How to Grow: Lasagna Gardening

Learn about the simple technique to build a new garden end without having to dig up the lawn.

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I’m Charlie Nardozzi and this is the Vermont Garden Journal. I’m an Italian-American and if there’s one thing I know about it’s lasagna. I’ve been eating it since I was a little bambino. While lasagna is a great food, it’s also a great gardening idea.

Starting a new flower or vegetable bed can be back breaking work. Many gardeners dig out sod and weeds, bring in topsoil and compost and generally sweat a lot. My solution is to borrow the wisdom of the lasagna. Lasagna gardening is a way to eliminate all digging, turning and tilling to create a bed next spring that will be ready to plant. Here’s how it works.raised beds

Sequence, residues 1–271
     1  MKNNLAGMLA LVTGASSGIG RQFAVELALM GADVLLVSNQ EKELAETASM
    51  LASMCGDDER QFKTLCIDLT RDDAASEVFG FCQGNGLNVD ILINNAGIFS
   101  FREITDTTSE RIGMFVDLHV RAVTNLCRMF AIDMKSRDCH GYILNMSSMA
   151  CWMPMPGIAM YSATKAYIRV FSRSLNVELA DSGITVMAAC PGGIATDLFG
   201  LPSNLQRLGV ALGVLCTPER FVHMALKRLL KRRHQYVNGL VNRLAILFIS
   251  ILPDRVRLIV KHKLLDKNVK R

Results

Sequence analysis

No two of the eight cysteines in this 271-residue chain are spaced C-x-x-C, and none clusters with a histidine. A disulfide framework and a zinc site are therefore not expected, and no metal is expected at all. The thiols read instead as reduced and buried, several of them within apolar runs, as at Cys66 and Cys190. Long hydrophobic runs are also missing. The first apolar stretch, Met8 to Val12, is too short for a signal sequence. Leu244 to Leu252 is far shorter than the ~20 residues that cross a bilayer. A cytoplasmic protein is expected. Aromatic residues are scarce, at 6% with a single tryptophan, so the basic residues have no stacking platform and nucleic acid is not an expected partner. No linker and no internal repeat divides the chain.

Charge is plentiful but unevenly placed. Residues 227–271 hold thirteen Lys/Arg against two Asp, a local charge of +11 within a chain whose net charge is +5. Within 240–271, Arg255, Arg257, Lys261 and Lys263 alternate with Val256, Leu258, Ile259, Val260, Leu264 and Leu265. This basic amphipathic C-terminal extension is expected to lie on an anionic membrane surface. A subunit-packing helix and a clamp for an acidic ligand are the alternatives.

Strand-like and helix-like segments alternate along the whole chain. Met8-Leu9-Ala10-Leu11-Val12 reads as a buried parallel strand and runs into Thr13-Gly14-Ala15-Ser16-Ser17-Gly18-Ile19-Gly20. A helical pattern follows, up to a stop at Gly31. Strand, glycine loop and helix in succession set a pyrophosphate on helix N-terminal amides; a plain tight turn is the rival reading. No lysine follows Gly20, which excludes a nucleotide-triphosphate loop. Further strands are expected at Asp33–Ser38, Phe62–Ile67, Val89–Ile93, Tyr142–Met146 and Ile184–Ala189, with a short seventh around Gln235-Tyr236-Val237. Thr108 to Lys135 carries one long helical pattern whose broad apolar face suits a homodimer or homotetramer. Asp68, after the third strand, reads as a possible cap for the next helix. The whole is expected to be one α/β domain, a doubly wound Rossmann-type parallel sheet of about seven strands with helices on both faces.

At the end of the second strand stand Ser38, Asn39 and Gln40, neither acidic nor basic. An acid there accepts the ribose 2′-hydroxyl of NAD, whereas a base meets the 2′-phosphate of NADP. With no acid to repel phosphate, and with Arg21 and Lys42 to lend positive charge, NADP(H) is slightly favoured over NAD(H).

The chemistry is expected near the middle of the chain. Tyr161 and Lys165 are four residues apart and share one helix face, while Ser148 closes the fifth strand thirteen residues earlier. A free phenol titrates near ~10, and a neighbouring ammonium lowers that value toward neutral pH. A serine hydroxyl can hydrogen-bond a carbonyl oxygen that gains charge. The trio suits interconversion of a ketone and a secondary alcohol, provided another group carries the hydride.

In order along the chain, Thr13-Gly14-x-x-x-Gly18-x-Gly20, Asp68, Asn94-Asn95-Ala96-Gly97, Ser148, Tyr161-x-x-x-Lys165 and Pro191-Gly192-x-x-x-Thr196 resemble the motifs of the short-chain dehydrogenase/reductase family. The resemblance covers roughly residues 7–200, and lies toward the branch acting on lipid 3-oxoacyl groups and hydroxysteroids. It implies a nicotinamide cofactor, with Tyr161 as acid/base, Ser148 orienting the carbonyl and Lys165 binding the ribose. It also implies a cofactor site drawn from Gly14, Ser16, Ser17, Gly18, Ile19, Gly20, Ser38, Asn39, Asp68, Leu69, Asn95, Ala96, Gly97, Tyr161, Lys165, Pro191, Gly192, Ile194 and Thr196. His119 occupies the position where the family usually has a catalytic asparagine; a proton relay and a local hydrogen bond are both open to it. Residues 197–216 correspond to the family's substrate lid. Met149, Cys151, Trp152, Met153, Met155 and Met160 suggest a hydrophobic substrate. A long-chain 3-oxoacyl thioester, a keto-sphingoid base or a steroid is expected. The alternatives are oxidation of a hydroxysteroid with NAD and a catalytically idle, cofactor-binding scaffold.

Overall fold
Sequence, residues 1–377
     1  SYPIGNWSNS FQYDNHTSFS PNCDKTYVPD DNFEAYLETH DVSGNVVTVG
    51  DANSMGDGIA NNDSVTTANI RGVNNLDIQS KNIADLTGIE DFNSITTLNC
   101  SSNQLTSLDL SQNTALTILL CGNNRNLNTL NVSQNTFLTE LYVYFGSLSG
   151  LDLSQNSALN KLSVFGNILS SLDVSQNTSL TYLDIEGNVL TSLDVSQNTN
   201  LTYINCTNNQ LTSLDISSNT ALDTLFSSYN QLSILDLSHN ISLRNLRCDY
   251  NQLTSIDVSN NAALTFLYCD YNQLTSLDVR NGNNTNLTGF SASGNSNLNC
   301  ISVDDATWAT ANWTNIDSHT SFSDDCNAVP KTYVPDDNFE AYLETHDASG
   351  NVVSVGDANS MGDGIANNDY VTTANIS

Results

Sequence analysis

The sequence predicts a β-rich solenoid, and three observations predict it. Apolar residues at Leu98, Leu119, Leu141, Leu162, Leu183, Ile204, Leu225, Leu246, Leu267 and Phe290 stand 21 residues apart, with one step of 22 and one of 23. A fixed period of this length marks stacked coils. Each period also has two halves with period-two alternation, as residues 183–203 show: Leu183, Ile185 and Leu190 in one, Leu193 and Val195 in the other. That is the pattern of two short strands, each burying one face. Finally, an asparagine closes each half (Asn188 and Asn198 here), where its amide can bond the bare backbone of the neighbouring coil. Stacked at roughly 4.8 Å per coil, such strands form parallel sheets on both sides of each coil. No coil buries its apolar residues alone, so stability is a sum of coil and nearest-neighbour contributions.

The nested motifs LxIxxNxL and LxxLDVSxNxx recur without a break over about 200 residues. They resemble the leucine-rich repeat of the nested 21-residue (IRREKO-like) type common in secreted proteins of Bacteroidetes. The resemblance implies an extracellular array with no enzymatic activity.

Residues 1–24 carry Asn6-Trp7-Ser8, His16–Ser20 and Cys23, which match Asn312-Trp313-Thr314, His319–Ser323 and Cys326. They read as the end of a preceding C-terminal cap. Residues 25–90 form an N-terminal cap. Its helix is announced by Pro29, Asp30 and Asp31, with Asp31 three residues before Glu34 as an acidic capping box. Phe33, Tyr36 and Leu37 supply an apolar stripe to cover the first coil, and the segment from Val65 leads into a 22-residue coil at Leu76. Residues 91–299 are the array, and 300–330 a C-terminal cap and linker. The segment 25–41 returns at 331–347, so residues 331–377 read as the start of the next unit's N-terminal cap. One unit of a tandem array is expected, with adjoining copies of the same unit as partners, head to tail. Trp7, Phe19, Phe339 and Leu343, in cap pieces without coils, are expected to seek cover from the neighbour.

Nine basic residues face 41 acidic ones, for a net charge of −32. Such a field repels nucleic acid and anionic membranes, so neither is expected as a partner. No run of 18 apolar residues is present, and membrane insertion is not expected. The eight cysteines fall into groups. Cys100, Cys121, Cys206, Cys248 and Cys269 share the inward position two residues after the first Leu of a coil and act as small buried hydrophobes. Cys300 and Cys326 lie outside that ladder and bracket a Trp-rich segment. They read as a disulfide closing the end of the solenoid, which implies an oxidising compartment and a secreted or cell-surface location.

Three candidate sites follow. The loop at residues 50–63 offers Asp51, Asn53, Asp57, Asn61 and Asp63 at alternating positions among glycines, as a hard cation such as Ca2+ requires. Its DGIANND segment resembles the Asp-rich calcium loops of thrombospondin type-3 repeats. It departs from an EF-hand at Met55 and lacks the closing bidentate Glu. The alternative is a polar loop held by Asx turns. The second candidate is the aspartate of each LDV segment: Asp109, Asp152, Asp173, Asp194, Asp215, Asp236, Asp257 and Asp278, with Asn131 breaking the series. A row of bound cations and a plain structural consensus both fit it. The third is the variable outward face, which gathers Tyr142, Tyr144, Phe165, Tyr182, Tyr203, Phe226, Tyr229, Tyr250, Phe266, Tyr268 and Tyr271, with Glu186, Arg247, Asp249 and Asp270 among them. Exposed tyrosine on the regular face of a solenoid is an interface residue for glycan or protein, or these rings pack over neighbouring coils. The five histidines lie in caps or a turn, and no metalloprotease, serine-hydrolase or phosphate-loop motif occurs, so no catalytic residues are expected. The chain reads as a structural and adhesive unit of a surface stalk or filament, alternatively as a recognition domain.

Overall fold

Mow the area that for the new bed close to the ground with your lawn or brush mower. Then add layers like a lasagna. Add 4 layers of a moistened black and white newspaper over the area. Don’t try to spread it on a windy day or you’ll be chasing the newspapers all over the yard. On top of the newspaper, lay a 6 to 8 inch thick layer of straw, hay, or chopped leaves. Just remember hay may contain weed seeds. On top of the straw, add a 2 to 3 inch thick layer of compost. Through the fall and winter the layers will kill the grass leaving the nutrient rich decomposed sod in place. Earthworms and other soil microbes will feed on the newspaper and straw turning it into humus.

By spring your bed is ready to plant. Pop seeds or transplants in the compost layer and water. No maintenance required other than pulling the errant dandelion. But hey that’s okay, because we Italians know dandelion greens are great in lasagna too!

From the Vermont Garden Journal

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